FLORIDA, July 14, 2012 — Ed Koch is the sort of person who rarely turns up in politics these days.
He has strong opinions, longstanding convictions, and does not mince words about his ideas. As New York City’s chief executive for three consecutive terms — from 1978 to 1989 — he famously managed to save it from financial meltdown. Somewhere along the way, he reinvigorated the spirit of the Big Apple and earned a reputation as one of America’s foremost urban leaders.
Times have changed, though. Koch governed in a transpartisan fashion that would be all but impossible to replicate in this era of ideologically-charged politics. Nonetheless, he manages to remain quite the celebrity, riling the emotions of hardline leftists and rightists alike.
In a discussion about the state of modern politics, along with his storied career, Koch spoke to me about matters ranging from Citizens United to Ron Paul.
Joseph F. Cotto: This is surely one of the most polarized eras in American politics. When you were a congressman and the mayor of New York, bipartisanship was far more prevalent. Why do you think that politics have become so divisive? What can be done to bring compromise back from the history books?
Mayor Ed Koch: One reason that politics is now more a blood sport, I believe, is that the country is so closely divided. One way to bring back cordiality is to give one party all three victories — with large majorities — in the Senate, House and keep the presidency with the party winning the two houses.
Cotto: At the beginning of your political career, your views were standardly center-left. During the early 1970s, however, you became far more moderate. How and why did this happen?
Mayor Koch: I believe I remained center-liberal. However, the Forest Hills low income housing project of three 24-story buildings with 4,300 people all on welfare proposed by Mayor John Lindsey to be placed in a district primarily of one-family homes caused me to say it was wrong and that low-income projects that were too large could be opposed. I dubbed myself a liberal with sanity. I was no longer an ideologue and crossed party lines to a greater degree, but viewed myself as a Scoop Jackson Democrat.
Cotto: Due to the Citizens United ruling, millions of Americans have become nervous about the influence which money plays in politics. Do you share these concerns? Or is Citizens United merely formalizing what has gone on under the table, so to speak, for generations?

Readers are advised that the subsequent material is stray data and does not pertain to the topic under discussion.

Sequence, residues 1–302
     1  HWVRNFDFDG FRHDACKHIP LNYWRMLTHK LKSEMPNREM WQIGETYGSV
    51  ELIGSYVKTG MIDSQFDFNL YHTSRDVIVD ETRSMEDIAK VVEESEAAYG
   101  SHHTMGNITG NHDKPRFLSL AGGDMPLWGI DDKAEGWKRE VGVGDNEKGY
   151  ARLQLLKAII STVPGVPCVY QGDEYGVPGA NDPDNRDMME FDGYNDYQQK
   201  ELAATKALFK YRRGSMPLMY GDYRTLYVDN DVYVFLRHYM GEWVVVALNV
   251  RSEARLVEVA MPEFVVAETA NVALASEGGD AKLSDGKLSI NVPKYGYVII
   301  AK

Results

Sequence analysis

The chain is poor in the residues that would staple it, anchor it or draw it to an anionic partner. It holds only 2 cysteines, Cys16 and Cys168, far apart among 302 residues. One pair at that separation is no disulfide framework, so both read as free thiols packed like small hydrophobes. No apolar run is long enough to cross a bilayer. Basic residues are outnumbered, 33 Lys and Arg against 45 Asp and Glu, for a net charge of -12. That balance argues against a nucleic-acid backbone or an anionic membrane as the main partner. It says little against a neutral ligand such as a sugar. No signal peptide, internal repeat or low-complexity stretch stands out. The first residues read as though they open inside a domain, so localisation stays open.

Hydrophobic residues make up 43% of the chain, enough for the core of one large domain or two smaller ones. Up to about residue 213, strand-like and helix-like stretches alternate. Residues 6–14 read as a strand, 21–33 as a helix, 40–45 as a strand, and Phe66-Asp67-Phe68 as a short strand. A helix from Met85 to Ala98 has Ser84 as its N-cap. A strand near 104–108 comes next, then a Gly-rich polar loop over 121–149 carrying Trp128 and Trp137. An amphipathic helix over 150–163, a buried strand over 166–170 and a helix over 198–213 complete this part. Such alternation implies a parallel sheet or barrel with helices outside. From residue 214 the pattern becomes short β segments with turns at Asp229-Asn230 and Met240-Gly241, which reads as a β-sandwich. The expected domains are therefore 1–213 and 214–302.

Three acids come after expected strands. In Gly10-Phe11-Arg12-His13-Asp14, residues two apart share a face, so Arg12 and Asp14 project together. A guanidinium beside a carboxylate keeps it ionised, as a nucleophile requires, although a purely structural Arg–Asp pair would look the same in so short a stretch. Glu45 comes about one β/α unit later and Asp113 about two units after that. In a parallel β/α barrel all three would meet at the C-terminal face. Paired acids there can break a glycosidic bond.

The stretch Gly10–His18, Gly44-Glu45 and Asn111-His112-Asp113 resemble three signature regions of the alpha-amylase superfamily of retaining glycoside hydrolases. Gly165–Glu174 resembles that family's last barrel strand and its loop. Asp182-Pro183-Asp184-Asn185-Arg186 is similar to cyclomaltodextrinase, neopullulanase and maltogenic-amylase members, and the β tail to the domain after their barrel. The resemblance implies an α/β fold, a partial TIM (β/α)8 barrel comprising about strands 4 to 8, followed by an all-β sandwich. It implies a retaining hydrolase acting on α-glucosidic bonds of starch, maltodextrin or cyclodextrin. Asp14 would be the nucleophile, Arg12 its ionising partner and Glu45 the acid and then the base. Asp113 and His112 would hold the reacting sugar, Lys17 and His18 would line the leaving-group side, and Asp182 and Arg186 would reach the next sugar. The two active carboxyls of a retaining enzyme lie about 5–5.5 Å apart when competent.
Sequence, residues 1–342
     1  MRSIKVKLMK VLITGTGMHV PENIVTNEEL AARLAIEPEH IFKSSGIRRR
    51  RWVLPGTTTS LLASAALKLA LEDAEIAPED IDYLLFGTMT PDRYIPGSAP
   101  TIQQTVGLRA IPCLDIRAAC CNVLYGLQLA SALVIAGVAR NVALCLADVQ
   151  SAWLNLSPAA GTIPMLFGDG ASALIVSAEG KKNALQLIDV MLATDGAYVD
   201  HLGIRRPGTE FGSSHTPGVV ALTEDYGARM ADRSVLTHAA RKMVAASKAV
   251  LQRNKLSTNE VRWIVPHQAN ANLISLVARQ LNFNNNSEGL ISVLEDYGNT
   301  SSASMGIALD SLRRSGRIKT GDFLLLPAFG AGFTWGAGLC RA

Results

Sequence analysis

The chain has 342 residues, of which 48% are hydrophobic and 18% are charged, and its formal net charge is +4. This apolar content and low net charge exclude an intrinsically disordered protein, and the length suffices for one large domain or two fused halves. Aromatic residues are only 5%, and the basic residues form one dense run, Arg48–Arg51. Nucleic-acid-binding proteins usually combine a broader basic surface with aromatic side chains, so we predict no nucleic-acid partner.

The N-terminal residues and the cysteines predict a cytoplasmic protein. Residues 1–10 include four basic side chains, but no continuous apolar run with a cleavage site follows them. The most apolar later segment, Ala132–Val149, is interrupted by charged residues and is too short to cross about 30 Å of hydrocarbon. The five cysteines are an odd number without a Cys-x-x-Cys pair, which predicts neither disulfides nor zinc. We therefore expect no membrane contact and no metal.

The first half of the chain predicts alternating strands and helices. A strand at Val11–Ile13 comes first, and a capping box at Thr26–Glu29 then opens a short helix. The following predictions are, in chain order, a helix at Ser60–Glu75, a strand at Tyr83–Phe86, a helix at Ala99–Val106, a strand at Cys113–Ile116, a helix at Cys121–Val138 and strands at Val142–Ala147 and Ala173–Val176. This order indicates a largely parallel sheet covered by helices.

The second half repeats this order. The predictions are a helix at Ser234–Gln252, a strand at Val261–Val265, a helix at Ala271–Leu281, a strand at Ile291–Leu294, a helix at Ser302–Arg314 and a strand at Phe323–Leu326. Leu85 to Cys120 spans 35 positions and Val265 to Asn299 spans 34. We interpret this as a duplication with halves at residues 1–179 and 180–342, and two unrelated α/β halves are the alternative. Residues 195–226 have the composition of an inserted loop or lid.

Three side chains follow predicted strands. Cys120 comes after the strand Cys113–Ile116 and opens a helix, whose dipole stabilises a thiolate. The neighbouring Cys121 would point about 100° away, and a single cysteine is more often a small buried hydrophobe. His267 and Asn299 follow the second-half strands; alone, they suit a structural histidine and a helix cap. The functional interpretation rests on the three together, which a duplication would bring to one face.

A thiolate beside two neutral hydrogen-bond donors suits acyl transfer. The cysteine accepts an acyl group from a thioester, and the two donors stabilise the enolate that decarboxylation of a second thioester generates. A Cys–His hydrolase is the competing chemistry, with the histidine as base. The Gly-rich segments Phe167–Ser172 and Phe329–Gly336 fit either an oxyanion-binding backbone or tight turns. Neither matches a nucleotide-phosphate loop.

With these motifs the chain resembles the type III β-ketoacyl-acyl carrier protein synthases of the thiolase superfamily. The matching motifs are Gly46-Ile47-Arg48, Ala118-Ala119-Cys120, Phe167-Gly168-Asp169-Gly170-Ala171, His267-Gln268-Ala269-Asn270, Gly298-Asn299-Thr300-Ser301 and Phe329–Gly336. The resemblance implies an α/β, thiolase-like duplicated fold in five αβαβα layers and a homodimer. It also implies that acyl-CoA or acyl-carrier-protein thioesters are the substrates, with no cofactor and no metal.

Mayor Koch: Citizens United should be rescinded in effect by passage of the Udall constitutional amendment. States and municipalities should have the right to limit contributions to candidates and limit expenditures by candidates. The U.S. supreme Court has decided not to revisit its decision in the original case.
Cotto: When you were elected mayor, New York was facing some of the most dire financial conditions imaginable. Throughout your three terms, you managed to deal with many of these. How did you accomplish this, and what can Washington learn from the Big Apple?
Mayor Koch: I decided bankruptcy was not an option. It would make New York City into another Detroit, permanently ruined financially, bereft of the middle class that would flee. I decided no matter the political cost to me and the possibility I would be booted out of office, I would do everything on the merits and cut good and needed programs we couldn’t afford. It worked. I said at the time, “If you throw me out, I’ll get a better job (financially) and you won’t get a better mayor.”
Cotto: Needless to say, America remains caught in the Great Recession’s clutches. How do you think that our country can reclaim its economic vitality?
Mayor Koch: Adopt Simpson-Bowles. While retaining Social Security and Medicare as entitlements, take the measures needed to make them solvent. It can be done.
Over the last several years, mass movements such as Occupy and the Tea Party have made a huge impact on the political process. Each is largely a result of the recession and popular anger at government malfeasance. Does Koch believe that both will maintain their strength in the long run?
During complicated times like these, a robust national security policy is essential. While America can continue to build stronger relationships with proven allies, such as Israel, more should be done to prevent against domestic terrorism as well. What are Koch’s opinions on this most challenging matter?
Across the political spectrum as of late, libertarianism has emerged with a vengeance. Specifically in the Republican Party, followers of Ron Paul are storming the establishment’s gates. Does Koch believe that libertarianism is a viable philosophy for governing? What does he think about the Ron Paul movement?
From San Diego to Boston, election season has arrived once again. Does Koch have a preferred candidate, or has he yet to make a decision?
In the next part of our discussion, the Mayor will answer all of these questions and tell us a bit about his career.
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